This panel will bring attendees up to speed with emerging technologies in the contemporary ICT ecosystem: how they work, why they are sociologically relevant, and their utility for anthropological research. Ethnographic case studies from around the world will illustrate the multitudinous ways that ICT is reinvented in various places. Presenters will examine questions including: whether decentralized and anonymizing technologies are potentially destabilizing to state and corporate power formations; how online social networks mesh with in-the-flesh social formations; how innovation and infrastructure deployment often recapitulate race and gender divides; how internet corporations and mobile network operators are increasingly influential in shaping everyday human interaction; and how ethnographic data from YouTube videos, Twitter feeds, Facebook timelines and online forums can be productively and ethically obtained and analyzed. The session will conclude with a reflection on the importance of anthropological engagement with emerging network technologies, followed by a period of open discussion.

This session would be of particular interest to:
Practicing and Applied Anthropologists, Teachers of Anthropology in Community Colleges, Students

Organizers:  William J Suk (Syracuse University)
Chairs:  Deborah Pellow (Syracuse University)
Discussants:  Robert D Albro (American University)

4:00 PM Cyberinfrastructure, Start-up Culture, and the Right to the City Shannon M Jackson (University of Missouri Kansas City)

4:15 PM Zvirikufaya Ku Diaspora 2.0: Zimbabweans Debating Migration with a Viral Internet Meme William J Suk (Syracuse University)

4:30 PM Hard Knowledge, Soft Data: Gendered Discourses in Cultural Conceptualization of Digital Data Yuliya Grinberg (Columbia University)

4:45 PM Mobile Money and the Navigation of Risk and Mobility in Kenya Dillon Mahoney (University of South Florida)

5:00 PM Crypto-Activism: Hackers’ Resistance to Digital Mass Surveillance David Bozzini (Graduate Center CUNY)

5:15 PM Discussant Robert D Albro (American University)

5:30 PM Discussion


Thursday, November 19, 2015: 4:00 PM-5:45 PM
Capital Ballroom 1 (Hyatt Regency)
As digital technologies become ever more ubiquitous as artefacts and infrastructures via which human relations are conducted, this panel explores an approach to digital relations that asks not whether the digital is virtual or real, but just what kind of reality the digital is. Rather than taming digital technologies by incorporating them into standard anthropological accounts of either technology design or technology use, we approach the digital real as a specific space of alterity with rich implications for anthropological theory. From the sensory infrastructures which feed data streams that are analysed by algorithms, to the distributed networks of programmers and players that make gaming environments, digital technologies do not simply provide representations of an external world, but participate in the organisation of relations through which new worlds are brought into being. Moving beyond a dialectic of human/technology or virtual/real, this panel aims to both explore the epistemological dynamics by which such separations and boundaries are reproduced, and to push towards an approach to digital technologies that allows for the relational specificity of a variety of digital forms (e.g. computer models, social media platforms, digital devices, and online games) to be interrogated as active and often unfamiliar(/Other) participants in human social worlds. Looking to the disruptive, unsettling, or transformative effects of digital technologies, this panel aims to explore how they raise new questions about the role of difference, identity, simulation, fakery, newness, automation, unpredictability, invisibility, authenticity and agency for anthropological accounts of social relations. To explore these ideas, we invite papers from a wide range of ethnographic settings to address such issues as the semiotics of algorithms, the phenomenology of number, the materiality of digital infrastructure, the relational extensions of networks and the ontological cuts that such technologies effect. In drawing attention to ontology, we are interested in the question of how digital technologies not only perform and produce the boundaries of the ‘real’ as we know it, but are also active in defining new, strange spaces beyond those boundaries; and what implications this might have for reframing what we might call a ‘digital’ form of anthropology.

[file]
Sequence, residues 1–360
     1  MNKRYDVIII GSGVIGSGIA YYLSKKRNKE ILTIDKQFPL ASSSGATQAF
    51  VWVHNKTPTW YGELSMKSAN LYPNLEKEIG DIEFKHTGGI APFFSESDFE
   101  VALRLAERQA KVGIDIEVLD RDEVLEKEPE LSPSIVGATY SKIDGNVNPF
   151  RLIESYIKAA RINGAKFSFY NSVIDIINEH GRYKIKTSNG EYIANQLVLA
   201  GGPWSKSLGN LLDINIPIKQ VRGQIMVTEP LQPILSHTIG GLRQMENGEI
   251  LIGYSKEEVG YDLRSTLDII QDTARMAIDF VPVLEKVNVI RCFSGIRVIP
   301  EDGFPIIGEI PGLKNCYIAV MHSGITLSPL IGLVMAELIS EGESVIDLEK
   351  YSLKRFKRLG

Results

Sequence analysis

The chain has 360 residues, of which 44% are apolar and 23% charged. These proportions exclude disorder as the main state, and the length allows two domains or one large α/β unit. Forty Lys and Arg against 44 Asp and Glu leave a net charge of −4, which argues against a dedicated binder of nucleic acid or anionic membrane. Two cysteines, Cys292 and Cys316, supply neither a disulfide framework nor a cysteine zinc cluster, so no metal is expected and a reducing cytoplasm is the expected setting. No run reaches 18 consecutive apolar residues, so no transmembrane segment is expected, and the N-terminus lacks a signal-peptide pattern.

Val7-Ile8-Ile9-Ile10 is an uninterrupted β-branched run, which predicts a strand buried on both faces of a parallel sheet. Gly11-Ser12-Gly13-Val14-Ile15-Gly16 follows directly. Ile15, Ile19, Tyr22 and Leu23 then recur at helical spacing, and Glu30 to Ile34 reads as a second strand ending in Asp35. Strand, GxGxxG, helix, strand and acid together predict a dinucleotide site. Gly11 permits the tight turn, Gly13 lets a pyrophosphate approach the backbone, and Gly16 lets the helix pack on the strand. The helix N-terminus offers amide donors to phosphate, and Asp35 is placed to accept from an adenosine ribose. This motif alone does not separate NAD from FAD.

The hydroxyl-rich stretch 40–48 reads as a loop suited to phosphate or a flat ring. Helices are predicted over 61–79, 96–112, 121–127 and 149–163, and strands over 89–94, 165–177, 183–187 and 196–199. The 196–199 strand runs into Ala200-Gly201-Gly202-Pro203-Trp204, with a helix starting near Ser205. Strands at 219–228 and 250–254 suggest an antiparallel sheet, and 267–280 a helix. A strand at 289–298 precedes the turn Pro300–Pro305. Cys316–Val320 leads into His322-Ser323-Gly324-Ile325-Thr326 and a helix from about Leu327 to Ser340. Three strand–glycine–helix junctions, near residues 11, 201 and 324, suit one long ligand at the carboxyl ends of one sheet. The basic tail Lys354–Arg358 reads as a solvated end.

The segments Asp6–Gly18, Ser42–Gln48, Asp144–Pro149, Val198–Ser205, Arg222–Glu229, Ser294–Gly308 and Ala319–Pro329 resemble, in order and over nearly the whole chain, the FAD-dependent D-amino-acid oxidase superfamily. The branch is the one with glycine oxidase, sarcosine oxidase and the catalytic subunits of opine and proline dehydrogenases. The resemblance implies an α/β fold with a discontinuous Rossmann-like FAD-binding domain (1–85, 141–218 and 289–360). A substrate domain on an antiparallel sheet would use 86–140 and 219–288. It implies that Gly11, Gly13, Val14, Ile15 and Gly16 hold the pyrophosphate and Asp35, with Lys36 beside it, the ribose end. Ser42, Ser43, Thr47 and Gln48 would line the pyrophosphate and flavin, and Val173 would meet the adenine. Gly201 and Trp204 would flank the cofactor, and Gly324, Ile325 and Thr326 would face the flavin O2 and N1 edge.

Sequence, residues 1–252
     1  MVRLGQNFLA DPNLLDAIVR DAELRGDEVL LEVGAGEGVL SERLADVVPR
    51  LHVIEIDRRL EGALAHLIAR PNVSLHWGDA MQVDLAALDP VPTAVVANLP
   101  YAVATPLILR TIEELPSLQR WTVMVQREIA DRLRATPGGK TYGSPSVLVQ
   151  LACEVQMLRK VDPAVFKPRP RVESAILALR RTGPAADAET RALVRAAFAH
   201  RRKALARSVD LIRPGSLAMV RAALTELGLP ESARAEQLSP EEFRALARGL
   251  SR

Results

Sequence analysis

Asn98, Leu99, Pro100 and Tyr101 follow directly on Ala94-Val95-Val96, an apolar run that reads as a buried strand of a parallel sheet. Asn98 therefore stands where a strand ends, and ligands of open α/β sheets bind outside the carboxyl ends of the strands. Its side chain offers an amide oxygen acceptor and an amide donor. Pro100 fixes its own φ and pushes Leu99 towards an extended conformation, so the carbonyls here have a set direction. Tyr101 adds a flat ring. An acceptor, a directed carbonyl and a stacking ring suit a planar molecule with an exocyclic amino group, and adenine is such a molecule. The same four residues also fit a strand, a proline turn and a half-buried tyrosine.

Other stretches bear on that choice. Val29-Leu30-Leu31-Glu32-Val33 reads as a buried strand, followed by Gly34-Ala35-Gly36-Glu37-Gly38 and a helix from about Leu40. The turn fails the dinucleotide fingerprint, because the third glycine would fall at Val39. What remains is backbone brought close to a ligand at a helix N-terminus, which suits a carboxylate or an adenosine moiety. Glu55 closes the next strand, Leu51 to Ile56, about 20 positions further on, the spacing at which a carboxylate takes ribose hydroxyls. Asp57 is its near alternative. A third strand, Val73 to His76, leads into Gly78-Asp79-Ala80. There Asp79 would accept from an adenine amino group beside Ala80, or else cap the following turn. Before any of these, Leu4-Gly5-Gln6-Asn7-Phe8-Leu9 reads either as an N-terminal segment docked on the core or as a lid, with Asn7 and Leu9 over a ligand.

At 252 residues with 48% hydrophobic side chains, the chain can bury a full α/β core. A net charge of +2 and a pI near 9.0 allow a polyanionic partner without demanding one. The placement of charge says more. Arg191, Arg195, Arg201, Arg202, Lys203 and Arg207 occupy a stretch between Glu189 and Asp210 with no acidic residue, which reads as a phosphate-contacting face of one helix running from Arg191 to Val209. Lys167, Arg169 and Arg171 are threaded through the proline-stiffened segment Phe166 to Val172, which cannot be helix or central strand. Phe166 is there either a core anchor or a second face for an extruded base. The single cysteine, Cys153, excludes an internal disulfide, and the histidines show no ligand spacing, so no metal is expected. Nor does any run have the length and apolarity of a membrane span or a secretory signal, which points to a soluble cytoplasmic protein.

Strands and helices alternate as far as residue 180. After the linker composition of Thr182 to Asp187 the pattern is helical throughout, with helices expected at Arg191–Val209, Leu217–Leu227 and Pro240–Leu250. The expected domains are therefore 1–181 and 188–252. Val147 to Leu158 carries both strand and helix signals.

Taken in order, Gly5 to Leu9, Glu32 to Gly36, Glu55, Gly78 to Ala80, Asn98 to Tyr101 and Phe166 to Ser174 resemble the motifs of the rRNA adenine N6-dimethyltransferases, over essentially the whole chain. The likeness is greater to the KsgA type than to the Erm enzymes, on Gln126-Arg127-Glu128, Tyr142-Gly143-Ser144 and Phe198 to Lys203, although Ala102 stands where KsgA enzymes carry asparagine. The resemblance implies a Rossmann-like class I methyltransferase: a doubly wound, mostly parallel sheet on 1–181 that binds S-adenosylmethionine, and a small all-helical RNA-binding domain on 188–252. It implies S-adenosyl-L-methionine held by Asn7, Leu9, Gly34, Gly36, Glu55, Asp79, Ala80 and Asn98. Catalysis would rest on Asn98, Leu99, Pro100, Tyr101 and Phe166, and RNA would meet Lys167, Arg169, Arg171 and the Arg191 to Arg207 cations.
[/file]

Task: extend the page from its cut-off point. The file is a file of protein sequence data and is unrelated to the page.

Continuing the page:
This session would be of particular interest to:
Practicing and Applied Anthropologists, Teachers of Anthropology in Community Colleges, Students

Organizers:  Antonia Caitlin Walford (It University of Copenhagen and University College London) and Hannah C Knox (University College London)
Chairs:  Hannah C Knox (University College London)
Discussants:  Tom Boellstorff (University of California, Irvine)

4:00 PM Digital Comparisons: Real Nature, Authentic Culture and Anthropological Alterity  Antonia Caitlin Walford (Open University and University College London)

4:45 PM Computational Thinking As an Ontological Programme?

Christopher Gad (IT University of Copenhagen) and Rachel Douglas-Jones (IT-University of Copenhagen)

5:00 PM The Counter-Politics of Open Source Hardware Hannah C Knox (University College London)

5:15 PM Discussant Tom Boellstorff (University of California, Irvine)

5:30 PM Discussion